Benton D; ILSI Europe a.i.s.b.l. (2008) Eur J Nutr. 47 Suppl 3 25-37.
The rapid growth of the brain and its high metabolic rate suggests that it is reasonable to consider whether their diet may influence the cognitive development of children.
To date although there are few nutritional recommendations that can be made with confidence, there is a growing body of evidence that diet can influence the development and functioning of the brain.
Several lines of evidence support the view that the diet of the mother during pregnancy, and the diet of the infant in the perinatal period, have long-term consequences.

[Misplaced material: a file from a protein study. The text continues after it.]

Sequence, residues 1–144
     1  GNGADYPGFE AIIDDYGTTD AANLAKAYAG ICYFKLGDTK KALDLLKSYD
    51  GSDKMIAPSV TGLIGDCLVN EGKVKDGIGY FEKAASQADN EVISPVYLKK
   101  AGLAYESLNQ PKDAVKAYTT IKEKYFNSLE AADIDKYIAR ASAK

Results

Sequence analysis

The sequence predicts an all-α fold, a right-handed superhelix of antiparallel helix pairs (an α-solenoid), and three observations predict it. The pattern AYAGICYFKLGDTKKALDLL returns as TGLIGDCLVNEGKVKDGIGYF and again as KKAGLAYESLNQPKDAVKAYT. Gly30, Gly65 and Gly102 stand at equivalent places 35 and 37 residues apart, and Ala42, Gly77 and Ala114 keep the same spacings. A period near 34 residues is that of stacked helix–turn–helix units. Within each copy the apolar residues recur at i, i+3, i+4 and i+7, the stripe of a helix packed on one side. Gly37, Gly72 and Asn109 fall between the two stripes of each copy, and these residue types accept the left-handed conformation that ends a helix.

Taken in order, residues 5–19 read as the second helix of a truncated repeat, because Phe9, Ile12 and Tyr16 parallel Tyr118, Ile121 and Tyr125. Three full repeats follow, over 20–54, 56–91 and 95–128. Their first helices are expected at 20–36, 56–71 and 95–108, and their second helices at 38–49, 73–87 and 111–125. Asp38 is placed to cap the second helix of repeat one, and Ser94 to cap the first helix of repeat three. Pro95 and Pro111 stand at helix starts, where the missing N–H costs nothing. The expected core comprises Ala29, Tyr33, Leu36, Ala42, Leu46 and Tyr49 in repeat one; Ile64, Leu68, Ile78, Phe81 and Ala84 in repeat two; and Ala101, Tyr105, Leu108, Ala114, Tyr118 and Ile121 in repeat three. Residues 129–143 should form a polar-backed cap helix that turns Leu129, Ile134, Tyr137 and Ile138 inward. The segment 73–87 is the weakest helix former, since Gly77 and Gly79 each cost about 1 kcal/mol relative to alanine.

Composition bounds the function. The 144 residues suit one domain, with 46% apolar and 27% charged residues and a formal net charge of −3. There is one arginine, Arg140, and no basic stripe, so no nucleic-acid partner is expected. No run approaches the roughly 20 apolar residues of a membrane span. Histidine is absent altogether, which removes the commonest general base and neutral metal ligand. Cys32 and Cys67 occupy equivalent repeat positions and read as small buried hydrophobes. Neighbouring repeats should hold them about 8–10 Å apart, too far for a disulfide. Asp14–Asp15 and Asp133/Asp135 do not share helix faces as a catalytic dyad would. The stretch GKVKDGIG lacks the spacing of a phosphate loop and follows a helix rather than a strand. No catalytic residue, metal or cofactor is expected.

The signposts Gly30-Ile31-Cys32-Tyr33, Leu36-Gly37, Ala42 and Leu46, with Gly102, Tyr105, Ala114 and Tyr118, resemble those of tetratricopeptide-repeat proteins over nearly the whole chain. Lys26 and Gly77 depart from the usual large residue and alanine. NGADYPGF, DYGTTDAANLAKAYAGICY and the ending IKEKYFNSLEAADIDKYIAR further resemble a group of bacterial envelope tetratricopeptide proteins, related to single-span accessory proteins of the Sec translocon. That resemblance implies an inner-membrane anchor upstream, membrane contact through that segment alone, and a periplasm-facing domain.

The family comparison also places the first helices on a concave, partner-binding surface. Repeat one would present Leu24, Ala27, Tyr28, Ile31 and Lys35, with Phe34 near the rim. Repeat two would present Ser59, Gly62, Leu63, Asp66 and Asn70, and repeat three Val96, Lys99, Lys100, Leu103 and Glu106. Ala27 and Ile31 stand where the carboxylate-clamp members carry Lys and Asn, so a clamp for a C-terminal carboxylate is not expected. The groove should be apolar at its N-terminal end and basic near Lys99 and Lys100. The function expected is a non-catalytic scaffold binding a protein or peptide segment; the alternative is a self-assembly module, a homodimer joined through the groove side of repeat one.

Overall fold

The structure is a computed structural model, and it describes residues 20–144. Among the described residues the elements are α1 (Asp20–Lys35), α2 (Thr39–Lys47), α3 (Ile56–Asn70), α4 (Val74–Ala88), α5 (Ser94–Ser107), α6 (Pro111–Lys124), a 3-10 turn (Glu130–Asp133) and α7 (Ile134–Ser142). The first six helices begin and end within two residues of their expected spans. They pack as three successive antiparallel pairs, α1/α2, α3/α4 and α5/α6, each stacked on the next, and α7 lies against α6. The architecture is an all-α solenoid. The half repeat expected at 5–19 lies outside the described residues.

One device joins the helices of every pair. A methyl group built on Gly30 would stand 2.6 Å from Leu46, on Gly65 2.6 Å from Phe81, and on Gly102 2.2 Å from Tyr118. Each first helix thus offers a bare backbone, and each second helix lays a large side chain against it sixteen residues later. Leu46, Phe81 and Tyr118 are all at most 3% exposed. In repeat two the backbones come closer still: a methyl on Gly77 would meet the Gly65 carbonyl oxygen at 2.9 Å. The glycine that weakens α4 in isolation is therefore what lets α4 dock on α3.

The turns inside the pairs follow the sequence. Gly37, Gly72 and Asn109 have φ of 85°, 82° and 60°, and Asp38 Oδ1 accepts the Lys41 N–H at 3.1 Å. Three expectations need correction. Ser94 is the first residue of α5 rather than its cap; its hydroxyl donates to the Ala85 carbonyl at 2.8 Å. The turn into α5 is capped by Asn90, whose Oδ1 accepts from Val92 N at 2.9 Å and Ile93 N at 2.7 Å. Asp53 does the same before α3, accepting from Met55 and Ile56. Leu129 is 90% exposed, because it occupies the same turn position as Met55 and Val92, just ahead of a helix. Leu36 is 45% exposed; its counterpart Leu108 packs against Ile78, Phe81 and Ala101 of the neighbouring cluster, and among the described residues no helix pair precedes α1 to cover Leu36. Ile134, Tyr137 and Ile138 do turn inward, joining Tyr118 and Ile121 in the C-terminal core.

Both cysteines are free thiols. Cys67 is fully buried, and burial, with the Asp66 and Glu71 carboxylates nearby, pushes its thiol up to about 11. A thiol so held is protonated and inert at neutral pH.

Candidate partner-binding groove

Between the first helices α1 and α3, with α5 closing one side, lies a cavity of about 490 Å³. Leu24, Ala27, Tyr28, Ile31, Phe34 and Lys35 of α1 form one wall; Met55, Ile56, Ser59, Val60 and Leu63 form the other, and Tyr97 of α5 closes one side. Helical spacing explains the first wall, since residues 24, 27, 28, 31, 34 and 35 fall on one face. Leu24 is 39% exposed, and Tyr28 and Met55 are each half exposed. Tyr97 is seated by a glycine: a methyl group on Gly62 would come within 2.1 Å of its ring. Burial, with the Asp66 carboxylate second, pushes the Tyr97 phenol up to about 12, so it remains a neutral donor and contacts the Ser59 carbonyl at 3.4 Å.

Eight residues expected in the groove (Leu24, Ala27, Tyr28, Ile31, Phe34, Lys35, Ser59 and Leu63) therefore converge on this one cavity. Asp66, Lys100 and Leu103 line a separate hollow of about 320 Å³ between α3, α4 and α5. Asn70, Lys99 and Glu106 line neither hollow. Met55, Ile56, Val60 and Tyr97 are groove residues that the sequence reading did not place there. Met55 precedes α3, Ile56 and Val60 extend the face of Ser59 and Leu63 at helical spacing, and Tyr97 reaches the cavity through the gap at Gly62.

The provision of fatty acids has been the most studied aspect of nutrition, although the evidence is lacking that supplementation has long-term benefits.
There is increasing evidence that the missing of breakfast has negative consequences late in the morning and a working hypothesis is that meals of a low rather than high glycemic load are beneficial.
The aim is to introduce a range of topics to those for whom this area is of potential interest. Where appropriate the main themes and conclusions are summarized and attention is drawn to review articles that allow those interested to go further.